Oracle Working to Settle Software Sharing Claims

     OAKLAND, Calif. (CN) – Settlement plans require a hold on claims against companies that allegedly impermissibly shared Oracle software patches and updates, a federal judge ruled.
     In a February 2012 complaint, Oracle said DLT Federal Business, Service Key and Angela Vines violated a rule in which clients can download software patches directly from Oracle’s site but cannot share access credentials with others.
     The original complaint said the defendants took “vast quantities of software patches and updates for Oracle’s Sun Solaris Operating System and other technical support files used on Oracle’s Sun computers.” Then they allegedly lied to the U.S. Navy, the Federal Drug Administration and other parties about having the ability to provide Oracle products.
     U.S. District Judge Saundra Armstrong ordered a stay on the suit last week because the parties have decided to settle.
     “Oracle and DLT-FBS have entered into a Settlement Agreement to resolve Oracle’s claims against DLT-FBS, and those parties have agreed on the terms of this stipulated judgment,” she wrote. “This settlement does not resolve, affect, or modify Oracle’s claims against defendants Service Key LLC and Angela Vines, which were resolved in the Settlement Agreement and Proposed Stipulated Judgment agreed to by those parties.”
     In the settlement reached a week earlier, DLT will pay $395,000 to Oracle and will destroy any traces of the software patches in all of their computers and computer storage facilities. Oracle will also audit DLT annually for the next five years.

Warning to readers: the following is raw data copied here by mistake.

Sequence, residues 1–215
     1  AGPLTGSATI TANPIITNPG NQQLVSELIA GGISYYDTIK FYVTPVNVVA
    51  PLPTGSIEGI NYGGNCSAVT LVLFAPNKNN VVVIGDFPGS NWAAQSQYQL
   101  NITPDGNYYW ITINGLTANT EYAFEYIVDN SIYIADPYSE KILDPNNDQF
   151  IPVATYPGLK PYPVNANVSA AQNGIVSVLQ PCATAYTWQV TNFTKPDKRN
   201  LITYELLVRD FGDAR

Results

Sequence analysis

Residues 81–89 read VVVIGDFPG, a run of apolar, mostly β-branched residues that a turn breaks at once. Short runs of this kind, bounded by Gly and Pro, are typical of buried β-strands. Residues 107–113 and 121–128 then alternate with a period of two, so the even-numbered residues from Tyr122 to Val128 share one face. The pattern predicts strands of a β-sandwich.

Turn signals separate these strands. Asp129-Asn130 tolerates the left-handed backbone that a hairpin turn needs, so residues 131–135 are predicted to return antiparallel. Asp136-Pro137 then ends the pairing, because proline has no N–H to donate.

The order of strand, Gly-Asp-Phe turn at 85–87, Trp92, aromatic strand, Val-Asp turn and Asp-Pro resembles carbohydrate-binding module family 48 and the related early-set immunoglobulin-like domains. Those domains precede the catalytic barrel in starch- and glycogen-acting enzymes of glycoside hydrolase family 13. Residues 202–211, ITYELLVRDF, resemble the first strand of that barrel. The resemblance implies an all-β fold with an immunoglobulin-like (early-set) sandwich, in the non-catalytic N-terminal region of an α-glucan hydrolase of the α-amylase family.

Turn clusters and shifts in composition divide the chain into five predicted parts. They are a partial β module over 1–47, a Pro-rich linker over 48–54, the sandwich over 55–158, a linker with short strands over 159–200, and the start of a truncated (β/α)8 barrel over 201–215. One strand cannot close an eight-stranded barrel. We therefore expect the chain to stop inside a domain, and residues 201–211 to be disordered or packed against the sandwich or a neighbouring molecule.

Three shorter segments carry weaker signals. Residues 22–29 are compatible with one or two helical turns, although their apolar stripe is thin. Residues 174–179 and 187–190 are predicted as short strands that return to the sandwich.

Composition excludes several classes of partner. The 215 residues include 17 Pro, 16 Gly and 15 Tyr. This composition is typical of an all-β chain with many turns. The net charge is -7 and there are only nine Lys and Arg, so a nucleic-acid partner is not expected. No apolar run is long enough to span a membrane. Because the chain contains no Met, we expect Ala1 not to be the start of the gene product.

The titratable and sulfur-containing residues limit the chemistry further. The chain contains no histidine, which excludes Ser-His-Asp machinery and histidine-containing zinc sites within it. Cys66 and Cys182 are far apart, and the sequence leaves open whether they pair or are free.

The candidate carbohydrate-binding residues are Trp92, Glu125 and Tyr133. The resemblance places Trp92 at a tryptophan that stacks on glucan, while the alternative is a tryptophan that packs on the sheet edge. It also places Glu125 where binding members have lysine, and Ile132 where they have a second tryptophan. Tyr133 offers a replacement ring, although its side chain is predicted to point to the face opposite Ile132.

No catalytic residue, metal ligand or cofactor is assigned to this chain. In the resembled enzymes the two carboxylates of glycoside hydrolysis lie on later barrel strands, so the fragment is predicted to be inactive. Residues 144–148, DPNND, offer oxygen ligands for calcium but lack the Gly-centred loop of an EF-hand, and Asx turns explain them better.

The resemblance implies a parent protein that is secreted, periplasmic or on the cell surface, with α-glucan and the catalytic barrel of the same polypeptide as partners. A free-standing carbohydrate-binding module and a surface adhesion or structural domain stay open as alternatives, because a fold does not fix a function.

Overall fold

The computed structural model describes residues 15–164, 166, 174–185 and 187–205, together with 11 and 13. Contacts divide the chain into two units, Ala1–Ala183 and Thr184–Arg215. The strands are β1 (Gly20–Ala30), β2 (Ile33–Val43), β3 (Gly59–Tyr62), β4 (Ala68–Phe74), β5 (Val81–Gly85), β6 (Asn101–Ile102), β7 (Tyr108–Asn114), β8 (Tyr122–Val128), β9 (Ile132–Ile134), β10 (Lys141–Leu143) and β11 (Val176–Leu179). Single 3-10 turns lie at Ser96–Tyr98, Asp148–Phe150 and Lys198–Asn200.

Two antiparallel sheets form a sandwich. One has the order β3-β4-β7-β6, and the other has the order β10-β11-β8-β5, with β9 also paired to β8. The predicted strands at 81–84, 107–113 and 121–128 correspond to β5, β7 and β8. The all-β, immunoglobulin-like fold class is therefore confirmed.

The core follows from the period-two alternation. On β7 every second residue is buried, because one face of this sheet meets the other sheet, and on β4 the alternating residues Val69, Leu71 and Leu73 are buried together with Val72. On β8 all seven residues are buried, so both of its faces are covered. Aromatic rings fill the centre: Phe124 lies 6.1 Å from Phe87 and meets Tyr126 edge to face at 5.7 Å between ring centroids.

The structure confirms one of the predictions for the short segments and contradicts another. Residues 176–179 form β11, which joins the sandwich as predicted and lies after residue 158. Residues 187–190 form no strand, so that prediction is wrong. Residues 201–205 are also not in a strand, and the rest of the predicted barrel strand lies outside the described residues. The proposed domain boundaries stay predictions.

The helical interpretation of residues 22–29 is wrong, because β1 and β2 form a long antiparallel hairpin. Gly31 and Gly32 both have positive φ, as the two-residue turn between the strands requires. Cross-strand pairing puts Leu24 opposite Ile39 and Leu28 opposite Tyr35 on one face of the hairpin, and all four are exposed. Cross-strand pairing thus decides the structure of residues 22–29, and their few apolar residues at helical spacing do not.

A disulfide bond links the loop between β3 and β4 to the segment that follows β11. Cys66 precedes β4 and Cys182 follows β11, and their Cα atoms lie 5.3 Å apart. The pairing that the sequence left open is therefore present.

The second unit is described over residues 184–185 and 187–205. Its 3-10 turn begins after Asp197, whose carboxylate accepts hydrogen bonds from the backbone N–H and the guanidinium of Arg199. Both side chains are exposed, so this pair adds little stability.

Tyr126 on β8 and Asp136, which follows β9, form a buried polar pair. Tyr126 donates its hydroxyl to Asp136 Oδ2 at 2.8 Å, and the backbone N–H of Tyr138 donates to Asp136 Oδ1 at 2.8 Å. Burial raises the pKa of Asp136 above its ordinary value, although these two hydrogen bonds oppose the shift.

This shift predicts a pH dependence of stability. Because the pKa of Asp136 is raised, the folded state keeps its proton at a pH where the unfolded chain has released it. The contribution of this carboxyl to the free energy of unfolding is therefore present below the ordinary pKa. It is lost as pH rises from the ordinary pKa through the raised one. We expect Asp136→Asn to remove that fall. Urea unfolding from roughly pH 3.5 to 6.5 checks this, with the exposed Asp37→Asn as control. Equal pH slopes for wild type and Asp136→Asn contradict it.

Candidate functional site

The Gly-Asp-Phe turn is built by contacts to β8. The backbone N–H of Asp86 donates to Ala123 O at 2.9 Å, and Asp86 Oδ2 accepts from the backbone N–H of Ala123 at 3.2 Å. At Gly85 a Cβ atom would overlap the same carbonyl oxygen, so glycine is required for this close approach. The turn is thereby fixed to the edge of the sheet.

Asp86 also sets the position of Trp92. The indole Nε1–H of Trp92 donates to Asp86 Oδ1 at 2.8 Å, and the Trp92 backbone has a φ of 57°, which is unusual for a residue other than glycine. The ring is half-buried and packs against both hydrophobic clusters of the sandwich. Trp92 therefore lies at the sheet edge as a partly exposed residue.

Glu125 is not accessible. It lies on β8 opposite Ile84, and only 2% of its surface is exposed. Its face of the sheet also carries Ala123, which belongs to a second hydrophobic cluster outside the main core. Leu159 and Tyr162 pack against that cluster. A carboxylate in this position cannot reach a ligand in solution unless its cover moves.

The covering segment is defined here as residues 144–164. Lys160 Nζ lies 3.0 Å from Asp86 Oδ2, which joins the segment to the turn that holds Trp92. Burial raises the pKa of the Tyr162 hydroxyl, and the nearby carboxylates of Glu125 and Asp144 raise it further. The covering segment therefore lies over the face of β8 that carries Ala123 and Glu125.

DLT employees are also not allowed to log in to any password-protection portions of Oracle’s website and cannot sell, give or receive any access credentials to anyone. The proposed judgment also forbids employees from lying to third parties about having permission to share access of any Oracle products.
     Oracle is barred under the settlement from claiming anything against DLT-FBS for unjust enrichment or for violations of the Computer Fraud and Abuse Act and Lanham Act because such claims “have been resolved by the parties pursuant to a confidential settlement agreement.” Oracle’s claim for interference with prospective economic advantage and unfair competition can only apply to breach of contract only and not on the basis of fraud.
     DLT-FBS cannot recover anything for their counter-claims of violations of the Sherman Act, Lanham Act, false advertising, defamation and trade libel, interference with contractual relations and unfair competition.
     Neither company can recover attorneys’ fees and must pay their own costs. The stay will be active until Sept. 30 pending submission of the judgment and approval of the court.
     Oracle is represented by Geoffrey Howard of Bingham McCutchen in San Francisco. Valerie Margo Wagner of GCA Law Partners in Mountain View represented Service Key LLC. DLT is represented by Turner Boyd and Cloudigy Law.

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